Fermented Bloody Mary Cocktail


Fermented tomato juice (tomato juice and smoked salt; 12 months old)


Salt and Pepper

Hot pepper sauce (fermented 2 yrs)

Worcestershire sauce, (fermented by Lea & Perrins®)

Loveage stem (straws)


Fermenting vegetable juices is extremely easy, and the results are exceedingly delicious.  Last summer I started with two cases of organic roma tomatoes.  I sliced them in half, sprinkled on some smoked salt, and let it ferment in a crock for a week.  After 2 days, the tomatoes were reduced to a thick slurry. After a week, the pulp was removed from the seeds and skin.  I stirred 2 or 3 times every day to reduce mold establishment.  After a week I strained the seeds and pulp out, and filled narrow sauce bottles with the juice.  I added a tablespoon of olive oil on top of the contents of each jar to prevent oxygen from contacting the juice.  Then waited a year.  Fantastic flavor!

Last week we finally got our typical week or two of hot daytime temperatures and warm evenings here in Seattle.  Perfect weather for cocktails in the garden.  Drinking the cocktails from Loveage stems for straws was an added flavor, especially if the stem was chewed slightly.  They were so delicious, we had to open another bottle of tomato juice and keep going.

Addiing a finishing splash.

If you’re up for fermenting your own cocktail mixers, this is the best resource in know: Preserving Food Without Freezing or Canning by The Gardeners & Farmers of Terre Vivante, published in 1999 by Chelsea Green.

I’ve fermented carrot, beet, celery, radish, cucumber, tomato, and various blends of green vegetable juices, all with rewarding success.  Add a little salt and let time do its magic.  I remove the olive oil from the narrow neck of the jar with a turkey baster.  I’ve also used airlocks with success, or just let the top mold and pull the ‘plug’ out when it’s time to use the juice.  The pulp and pigments typically settle to the bottom of the jar, leaving clear liquid.  Stir or shake as desired.  These juices are also great in soup, or to deglaze a pan when sautéing.  (Photographs by Kwai Lam.)

Bloody Mary time.




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16 thoughts on “Fermented Bloody Mary Cocktail

  1. Sounds awesome. Can you tell whether the plug of mould is likely to be dangerous or not? I’m not scared of a bit of mould on bread or cheese or jam or whatever, but I think I’d be concerned about doing an open ferment like that.

    • The plug of mold is not likely to be dangerous if eaten, though I certainly don’t like the flavor. It’s the same mold(s) that appear on kraut or miso. Simply remove the mold and enjoy what’s below.(The Art of Fermentation explains this in more detail, and I recommend you read what’s printed there.)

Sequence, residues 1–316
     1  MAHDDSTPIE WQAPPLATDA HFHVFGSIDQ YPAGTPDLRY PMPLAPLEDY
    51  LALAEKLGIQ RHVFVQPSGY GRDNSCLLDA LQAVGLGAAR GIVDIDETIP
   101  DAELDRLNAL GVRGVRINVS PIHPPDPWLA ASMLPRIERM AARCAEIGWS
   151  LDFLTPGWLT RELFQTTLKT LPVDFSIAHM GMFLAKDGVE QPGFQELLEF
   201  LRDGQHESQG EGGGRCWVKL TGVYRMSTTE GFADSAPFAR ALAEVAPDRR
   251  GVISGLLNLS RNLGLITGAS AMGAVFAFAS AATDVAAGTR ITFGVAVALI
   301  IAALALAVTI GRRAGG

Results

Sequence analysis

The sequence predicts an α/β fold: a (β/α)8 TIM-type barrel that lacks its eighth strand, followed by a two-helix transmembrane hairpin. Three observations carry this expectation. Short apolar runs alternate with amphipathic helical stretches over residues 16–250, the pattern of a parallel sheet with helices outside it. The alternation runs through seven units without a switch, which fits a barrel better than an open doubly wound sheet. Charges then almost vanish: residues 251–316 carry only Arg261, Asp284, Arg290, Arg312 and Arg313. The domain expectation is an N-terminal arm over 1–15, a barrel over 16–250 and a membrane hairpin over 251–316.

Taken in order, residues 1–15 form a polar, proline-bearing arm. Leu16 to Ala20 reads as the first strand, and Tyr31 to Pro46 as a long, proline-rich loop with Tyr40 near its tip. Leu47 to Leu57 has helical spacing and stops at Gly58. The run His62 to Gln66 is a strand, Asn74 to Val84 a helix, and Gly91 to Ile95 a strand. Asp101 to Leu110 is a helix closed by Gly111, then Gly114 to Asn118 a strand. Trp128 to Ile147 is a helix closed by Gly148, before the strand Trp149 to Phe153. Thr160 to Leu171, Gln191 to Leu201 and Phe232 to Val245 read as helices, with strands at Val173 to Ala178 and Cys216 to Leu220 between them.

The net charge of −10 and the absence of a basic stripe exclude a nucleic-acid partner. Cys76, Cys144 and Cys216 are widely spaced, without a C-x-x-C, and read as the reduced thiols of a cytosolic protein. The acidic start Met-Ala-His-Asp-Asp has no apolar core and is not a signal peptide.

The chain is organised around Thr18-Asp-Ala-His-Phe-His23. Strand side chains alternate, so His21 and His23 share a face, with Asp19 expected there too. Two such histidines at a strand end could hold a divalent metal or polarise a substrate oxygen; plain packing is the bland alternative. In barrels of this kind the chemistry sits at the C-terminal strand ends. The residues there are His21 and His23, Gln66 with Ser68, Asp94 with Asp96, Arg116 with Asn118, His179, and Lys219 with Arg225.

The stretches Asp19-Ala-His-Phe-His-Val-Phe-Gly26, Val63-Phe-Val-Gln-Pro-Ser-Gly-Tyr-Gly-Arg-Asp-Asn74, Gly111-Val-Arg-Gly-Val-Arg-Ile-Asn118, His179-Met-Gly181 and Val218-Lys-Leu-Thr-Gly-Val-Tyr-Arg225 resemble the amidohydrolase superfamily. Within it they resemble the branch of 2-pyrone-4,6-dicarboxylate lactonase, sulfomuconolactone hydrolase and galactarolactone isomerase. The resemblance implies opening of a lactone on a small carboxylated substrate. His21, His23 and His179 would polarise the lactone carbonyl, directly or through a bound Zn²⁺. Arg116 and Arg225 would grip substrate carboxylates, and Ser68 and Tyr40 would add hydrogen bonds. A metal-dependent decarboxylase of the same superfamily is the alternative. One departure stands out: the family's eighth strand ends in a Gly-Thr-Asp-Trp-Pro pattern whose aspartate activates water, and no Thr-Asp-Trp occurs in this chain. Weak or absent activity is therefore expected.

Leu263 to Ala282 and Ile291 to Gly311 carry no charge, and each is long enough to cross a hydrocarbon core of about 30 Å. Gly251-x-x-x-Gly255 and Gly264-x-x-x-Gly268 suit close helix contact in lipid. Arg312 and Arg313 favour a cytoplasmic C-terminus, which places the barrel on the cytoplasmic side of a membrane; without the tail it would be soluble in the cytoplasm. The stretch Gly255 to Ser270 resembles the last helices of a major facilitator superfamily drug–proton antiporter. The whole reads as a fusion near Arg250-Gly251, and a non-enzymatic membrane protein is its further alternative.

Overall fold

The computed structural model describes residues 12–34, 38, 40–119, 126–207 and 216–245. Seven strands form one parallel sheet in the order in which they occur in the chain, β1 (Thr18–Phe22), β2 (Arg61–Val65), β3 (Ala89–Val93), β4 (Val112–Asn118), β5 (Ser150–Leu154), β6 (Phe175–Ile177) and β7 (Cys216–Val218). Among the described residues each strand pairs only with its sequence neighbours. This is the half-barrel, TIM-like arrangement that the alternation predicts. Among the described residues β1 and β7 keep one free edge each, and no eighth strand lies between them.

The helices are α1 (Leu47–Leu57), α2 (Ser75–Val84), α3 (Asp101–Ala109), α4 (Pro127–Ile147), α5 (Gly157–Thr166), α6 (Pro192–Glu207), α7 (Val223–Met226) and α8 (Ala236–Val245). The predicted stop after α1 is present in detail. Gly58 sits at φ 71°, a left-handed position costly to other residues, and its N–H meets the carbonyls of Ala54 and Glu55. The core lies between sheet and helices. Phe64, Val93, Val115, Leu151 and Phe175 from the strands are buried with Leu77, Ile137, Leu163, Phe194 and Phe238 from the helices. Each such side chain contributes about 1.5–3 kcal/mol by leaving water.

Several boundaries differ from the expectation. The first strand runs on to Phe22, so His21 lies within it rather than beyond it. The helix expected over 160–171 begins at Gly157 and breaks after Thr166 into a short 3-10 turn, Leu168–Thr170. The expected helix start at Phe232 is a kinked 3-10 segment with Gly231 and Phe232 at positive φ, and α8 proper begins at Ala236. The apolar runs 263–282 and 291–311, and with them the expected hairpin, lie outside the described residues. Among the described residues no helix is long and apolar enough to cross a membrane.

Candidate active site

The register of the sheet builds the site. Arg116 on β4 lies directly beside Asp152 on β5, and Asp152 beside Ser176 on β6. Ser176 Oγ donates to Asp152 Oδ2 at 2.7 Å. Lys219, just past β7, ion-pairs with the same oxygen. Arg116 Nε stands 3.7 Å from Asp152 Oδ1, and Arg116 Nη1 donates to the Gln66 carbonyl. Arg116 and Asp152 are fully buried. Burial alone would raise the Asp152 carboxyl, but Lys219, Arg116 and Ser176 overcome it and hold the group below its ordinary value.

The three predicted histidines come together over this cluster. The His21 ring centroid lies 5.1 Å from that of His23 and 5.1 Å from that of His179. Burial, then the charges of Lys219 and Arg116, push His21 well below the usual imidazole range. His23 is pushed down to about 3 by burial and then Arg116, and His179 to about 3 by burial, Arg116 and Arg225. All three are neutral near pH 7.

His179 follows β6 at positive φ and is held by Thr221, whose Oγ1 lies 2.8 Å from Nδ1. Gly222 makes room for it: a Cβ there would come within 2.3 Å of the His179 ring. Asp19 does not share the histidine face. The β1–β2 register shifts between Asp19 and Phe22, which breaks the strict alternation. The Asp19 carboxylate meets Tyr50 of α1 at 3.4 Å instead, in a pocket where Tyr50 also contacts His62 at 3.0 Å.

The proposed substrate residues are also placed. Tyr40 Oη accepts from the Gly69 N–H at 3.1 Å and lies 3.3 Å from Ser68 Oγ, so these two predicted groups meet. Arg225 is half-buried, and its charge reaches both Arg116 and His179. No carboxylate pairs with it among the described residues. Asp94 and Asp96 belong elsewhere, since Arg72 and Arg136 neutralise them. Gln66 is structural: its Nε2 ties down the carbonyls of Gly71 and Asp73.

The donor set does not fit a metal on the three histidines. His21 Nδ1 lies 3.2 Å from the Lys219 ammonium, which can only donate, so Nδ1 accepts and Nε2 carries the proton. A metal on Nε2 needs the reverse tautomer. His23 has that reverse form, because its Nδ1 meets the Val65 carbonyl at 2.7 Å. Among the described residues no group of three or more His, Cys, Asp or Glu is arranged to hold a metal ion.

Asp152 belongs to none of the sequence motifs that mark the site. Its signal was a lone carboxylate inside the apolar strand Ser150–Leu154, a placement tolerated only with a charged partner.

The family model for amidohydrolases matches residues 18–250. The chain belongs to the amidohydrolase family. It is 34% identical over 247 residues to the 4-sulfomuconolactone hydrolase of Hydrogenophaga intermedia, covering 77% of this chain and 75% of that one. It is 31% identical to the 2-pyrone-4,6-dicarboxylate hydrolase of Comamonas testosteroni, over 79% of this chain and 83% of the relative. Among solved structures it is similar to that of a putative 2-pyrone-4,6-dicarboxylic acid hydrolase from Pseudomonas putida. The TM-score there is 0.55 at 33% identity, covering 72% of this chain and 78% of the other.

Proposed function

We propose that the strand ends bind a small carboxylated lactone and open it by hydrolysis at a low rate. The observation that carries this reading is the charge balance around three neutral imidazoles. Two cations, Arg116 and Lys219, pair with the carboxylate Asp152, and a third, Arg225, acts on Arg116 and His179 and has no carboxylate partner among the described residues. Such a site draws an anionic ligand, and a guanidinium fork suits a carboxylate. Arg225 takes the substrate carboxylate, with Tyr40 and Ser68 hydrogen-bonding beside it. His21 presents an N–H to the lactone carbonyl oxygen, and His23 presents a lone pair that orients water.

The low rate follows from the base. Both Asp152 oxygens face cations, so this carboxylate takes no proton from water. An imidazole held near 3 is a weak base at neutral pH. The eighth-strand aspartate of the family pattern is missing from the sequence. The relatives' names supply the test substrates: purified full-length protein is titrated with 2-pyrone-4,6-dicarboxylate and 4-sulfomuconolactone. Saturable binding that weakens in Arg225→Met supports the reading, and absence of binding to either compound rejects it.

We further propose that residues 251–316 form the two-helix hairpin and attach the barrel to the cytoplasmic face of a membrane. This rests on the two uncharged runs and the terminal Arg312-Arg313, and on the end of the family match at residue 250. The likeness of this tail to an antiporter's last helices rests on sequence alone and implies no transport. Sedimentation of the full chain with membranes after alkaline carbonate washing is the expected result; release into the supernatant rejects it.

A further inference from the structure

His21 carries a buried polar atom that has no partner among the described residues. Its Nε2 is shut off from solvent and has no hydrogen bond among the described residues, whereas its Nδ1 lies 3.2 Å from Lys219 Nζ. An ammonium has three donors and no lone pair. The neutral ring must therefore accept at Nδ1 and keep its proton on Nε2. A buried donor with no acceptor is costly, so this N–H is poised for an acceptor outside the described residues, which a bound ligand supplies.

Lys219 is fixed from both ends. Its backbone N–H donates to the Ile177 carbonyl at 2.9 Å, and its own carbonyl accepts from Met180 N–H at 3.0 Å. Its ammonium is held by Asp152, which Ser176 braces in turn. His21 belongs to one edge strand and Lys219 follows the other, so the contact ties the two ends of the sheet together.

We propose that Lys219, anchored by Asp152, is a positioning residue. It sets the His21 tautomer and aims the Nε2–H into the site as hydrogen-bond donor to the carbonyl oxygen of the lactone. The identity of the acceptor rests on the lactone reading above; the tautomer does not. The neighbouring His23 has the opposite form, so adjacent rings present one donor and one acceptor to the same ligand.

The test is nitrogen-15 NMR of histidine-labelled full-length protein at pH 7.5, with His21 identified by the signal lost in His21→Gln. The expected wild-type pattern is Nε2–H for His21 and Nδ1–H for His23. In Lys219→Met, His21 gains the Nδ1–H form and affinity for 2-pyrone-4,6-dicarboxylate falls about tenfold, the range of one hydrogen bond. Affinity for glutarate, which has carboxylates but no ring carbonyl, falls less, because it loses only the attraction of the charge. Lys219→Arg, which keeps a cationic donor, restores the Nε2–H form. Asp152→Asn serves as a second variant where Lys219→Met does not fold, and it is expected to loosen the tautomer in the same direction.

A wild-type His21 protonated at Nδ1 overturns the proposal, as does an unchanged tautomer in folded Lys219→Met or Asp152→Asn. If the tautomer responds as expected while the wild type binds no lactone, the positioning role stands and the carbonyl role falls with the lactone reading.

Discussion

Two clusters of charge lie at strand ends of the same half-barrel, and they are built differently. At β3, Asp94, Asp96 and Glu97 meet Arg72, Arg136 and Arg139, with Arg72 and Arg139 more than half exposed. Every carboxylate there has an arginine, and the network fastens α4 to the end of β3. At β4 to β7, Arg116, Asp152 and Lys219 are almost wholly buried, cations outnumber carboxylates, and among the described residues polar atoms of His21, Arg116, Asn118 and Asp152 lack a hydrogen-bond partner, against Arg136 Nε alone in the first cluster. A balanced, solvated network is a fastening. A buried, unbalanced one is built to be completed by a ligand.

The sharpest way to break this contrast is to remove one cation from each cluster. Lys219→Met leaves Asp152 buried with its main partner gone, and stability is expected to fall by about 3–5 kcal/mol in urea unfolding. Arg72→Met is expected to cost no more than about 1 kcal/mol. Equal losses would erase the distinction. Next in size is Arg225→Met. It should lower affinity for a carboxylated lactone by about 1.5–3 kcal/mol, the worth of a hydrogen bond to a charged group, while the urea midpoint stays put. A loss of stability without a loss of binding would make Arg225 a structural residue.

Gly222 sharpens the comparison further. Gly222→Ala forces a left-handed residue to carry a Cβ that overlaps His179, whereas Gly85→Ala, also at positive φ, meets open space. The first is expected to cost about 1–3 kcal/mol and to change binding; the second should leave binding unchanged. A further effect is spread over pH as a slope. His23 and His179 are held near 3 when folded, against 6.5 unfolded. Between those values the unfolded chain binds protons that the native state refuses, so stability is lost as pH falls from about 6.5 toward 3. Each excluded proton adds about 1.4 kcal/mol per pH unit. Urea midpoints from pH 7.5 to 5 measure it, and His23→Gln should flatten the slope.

2. Question for you; just started some tomato salsa and I am not getting any bubbles after three days at about 66 F. I added salt to the romas and corn, onion, jalapeño. I did blanch the tomatoes to get the skin off and wonder if that killed off the lacto-bacilli necessary. Why no bubbles; have made kraut and sours many times?

    • Yes, blanching the tomatoes will kill the ferment-friendly bacteria. The raw jalapeno will contribute to the process, though I don’t know about the corn and onion (assuming you did peel them before adding them). The lone pepper might not be enough to get things off to a quick start. Give it a couple more days, or add some juice from another bubbly vegetable ferment as a kick starter.

  3. Hi! Is it necessary to ferment it for 1 year?? do you know the difference between perhaps a few weeks and a year? Are tomatoes or certain vegetables able to ferment longer than others? thanks!!

    • No, it is not necessary to ferment for 1 year. Vegetable juices are good to go in two weeks in warm weather, and certainly in a month if it’s cooler. The oldest tomato juice in my cellar is a year old, and I typically pick from oldest to youngest when I pull from the shelf. In my experience, vegetable juices only get better with age. Not so with some vegetables, like cucumbers, which can easily loose texture and flavor rapidly after a few months. As tomatoes ferment, the fermenting bacteria convert all the pulp into juice, leaving only skin and seed. Cabbage however, when fermented into kraut, can be quite tasty at the one-year mark or older.
      Last winter I opened some fermented juice from Korean mild radishes. After 4 or 5 months of fermenting, I decanted it into a bottle with a tight lid and put it in the back of the fridge. After another 4 or 5 months it carbonated. It was more similar to champagne than radish juice. A very bright and light flavor, and surprisingly delicious.

    • Nicole, it is very delicious. And you are very welcome. (BTW, I’m Favero, not Sandor :)~ I’m a guest blogger on this site, and a fermenting enthusiast in Seattle WA.)

  4. reading the use of olive oil as a top layer for vegetable juice ferments makes me wonder if you have tried that with saurkraut..? would that keep mold from forming??i wil be attempting my first batch tomorrow, and am not excited about getting mold…but don’t want to ruin my kraut with an expermint…so do you know ? thanks..i am loving your posts-as i’m just discovering them!

    • I’ve never put oil atop kraut, or any vegetable ferment: only juice. I can’t see why it wouldn’t work though. And don’t fret about molds and yeast growing on top of your kraut- it’s not a bad thing.

  5. Has anyone tried putting their foods through a food mill and then fermenting them? I would prefer to do it this way and then inoculate the batch for fermentation. Your thoughts? Thanks. : )
    Sara Swanson’s post on hot sauce mentions that she uses a condom over her fermentation batch to inhibit molds, etc. Seems like a great idea.

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